Discussion on the problems with tennis' yearly and Grand Slam tournament schedule, how the physicality of the game has changed and more.
Hello everyone. Reilly Opelka is the next guest on Thursday's SI/Tennis Channel podcast. Onto some quick Q/A….
Have a question or comment for Jon? Email him at firstname.lastname@example.org or tweet him @jon_wertheim.
Hey Jon, an amazing weekend at the Australian Open and a wonderful men’s final. I’m wondering what your take is on these young up-and-comers that I used to hear about—I think one guy is from Serbia and one guy is from Scotland. What can you tell us about them?
—Tim Johnson, New York City
• Names ring a faint bell. The guy from Scotland? He played a terrific fall—in fact, he probably overplayed a terrific fall—to finish No. 1. In Australia, he ran into a highly unconventional opponent, missed his spots, and lost unexpectedly. We expect him to be fine after some time off.
To me—and to many of you based on your questions—the great mystery in tennis is the Serbian guy. He has apparently been experiencing some recent shoulder pain. But it’s also clear that the personal issues he had referenced in 2016, have really undermined his career. In June, we all thought that he had a real shot at THE Grand Slam. His points lead in the ATP world rankings resembled China’s points lead in the population world rankings. As we wrote before Wimbledon, “He was Google to everyone else’s Bing.” Since then? Zero majors. A string of losses, some mystifying. A loss of mirth. A coaching change. Private issues are, by definition, private. And—from Andre Agassi to Serena Williams—the best players often have had their blue periods.
But this drop-off —not just in results but in aura and joy and an overall sense of engagement and sort of de-prioritization of tennis—is really striking. You hope he finds his mojo soon. We’ll know more after Indian Wells, the next time he’s expected back on court.
Jon, tennis has scheduling problems on many levels which must be addressed for the sake of fairness. Take the Australian Open for example. This is simply no rational reason to give one player an extra day of rest like Federer had over Nadal leading up the finals. Fundamental equity demands even playing terms for both, especially given the grueling nature of tennis today. So much is on the line. That's within a tournament, now let's look at tournament scheduling. Let's be honest, Davis Cup scheduling is a farce. Not a scintilla of thought goes into the timing of Davis Cup matches with the ATP tour as evidenced by the upcoming Davis Cup match between Spain and Croatia right after Oz. Then, moving onto the ATP tour, we don't have a Masters 1000 tourney (which are very intense for the players) for over a month after Oz and then we get two Indian Wells and Miami in consecutive weeks. Why? Makes no sense. Not fair to players and fans. I could go on, but you get the picture. Are the players powerless to have some say in these scheduling issues? Can you shed some light on the dynamic here?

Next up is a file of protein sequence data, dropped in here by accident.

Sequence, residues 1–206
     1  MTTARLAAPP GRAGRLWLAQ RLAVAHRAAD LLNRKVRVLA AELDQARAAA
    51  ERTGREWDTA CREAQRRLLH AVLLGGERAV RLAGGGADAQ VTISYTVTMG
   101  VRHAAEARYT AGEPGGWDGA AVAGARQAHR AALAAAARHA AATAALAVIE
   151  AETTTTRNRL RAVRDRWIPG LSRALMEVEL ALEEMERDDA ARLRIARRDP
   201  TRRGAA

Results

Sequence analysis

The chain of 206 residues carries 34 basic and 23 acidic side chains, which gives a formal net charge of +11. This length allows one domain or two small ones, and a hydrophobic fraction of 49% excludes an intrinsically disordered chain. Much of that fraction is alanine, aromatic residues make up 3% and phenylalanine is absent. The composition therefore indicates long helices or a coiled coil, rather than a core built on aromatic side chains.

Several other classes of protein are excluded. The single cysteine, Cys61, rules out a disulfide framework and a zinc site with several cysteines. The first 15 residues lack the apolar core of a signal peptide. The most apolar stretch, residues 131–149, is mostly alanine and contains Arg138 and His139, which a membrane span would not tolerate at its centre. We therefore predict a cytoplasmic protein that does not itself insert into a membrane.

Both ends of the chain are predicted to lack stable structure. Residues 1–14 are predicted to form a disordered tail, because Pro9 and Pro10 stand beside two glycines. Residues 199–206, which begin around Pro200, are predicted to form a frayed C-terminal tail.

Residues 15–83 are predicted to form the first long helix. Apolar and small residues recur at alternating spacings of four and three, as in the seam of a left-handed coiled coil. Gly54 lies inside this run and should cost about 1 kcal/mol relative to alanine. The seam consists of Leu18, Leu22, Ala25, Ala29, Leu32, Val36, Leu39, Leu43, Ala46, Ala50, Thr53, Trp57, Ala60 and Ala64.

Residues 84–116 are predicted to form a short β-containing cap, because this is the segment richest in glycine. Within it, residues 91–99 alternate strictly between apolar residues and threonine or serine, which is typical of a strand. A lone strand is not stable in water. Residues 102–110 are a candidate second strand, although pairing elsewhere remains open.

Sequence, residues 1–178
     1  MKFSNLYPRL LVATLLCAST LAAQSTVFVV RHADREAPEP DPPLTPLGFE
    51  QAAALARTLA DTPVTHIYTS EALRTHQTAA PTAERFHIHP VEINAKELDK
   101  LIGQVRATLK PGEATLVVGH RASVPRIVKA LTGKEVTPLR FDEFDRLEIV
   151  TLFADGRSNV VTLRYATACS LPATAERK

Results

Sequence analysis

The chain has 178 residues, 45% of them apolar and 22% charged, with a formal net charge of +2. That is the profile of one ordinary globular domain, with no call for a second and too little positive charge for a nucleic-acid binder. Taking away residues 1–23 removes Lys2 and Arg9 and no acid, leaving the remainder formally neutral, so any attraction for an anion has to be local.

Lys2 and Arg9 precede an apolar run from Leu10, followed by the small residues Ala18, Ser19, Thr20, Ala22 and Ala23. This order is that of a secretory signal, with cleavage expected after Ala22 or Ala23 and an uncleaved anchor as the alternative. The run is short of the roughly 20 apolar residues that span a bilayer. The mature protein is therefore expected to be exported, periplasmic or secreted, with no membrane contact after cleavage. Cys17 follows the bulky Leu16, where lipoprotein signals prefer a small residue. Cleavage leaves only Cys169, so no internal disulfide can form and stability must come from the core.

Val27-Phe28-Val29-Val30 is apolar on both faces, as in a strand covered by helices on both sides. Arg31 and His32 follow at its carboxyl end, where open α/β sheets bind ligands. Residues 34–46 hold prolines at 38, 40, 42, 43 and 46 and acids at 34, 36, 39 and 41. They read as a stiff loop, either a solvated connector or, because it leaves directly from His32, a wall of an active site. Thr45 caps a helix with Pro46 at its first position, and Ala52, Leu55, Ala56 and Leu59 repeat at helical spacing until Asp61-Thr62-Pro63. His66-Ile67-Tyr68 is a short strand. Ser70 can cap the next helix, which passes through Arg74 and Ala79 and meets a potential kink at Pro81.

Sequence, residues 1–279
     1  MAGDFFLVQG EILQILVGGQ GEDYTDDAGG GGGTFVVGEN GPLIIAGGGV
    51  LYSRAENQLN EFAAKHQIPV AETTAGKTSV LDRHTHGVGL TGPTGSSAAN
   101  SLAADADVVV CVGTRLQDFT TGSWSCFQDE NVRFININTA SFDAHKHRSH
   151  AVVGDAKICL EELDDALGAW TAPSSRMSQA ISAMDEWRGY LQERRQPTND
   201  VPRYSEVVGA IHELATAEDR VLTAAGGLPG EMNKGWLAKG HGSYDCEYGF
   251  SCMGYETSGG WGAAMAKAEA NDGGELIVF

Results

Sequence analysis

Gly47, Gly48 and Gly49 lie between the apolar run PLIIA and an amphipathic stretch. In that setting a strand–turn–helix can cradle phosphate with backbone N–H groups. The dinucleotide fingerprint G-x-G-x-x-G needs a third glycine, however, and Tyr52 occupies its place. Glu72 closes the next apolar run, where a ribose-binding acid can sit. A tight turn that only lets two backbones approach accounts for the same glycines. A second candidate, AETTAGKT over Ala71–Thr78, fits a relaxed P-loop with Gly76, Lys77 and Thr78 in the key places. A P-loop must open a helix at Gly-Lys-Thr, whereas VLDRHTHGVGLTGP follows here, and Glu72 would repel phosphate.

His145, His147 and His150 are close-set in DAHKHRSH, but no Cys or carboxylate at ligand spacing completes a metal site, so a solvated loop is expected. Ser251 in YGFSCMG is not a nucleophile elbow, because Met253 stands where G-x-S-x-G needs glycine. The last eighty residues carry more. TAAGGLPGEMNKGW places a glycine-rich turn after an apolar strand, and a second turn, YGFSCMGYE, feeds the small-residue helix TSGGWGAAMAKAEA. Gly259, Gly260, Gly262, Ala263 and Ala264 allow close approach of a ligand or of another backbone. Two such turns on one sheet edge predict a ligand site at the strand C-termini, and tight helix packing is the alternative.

—Martin, Bedford Hills, N.Y.
• Ah, tennis’ fraught relationship with time. Going even more micro you could ask why there isn’t even a consistent amount of permitted time between points in the majors versus tour events. (There’s a five second difference between the ATP and Grand Slams—though “start time” is subjective and enforcement is sporadic.) Going more macro, you could ask how the hell two players (Federer and Serena, of course) both older than the 2017 Hall of Fame players (Roddick and Clijsters) are still winning majors.
Anyway to your question, I’m not as outraged by the Australian Open semis as many of you. “Super Saturday”’ at the U.S. Open—which mandated NO day of rest between semis and finals—was untenable. But I like that there are night matches for all 14 sessions in Australia. If that means one men’s semifinalist gets three days rest and the other gets two, I’m okay with that on balance.
The Davis Cup is in dire need of salvaging. We all know that. Dave Haggerty ran for the ITF presidency on the grounds that he was going to reform the competition. We eagerly await change. And, as we wrote last week, if the ITF doesn't act, market forces will.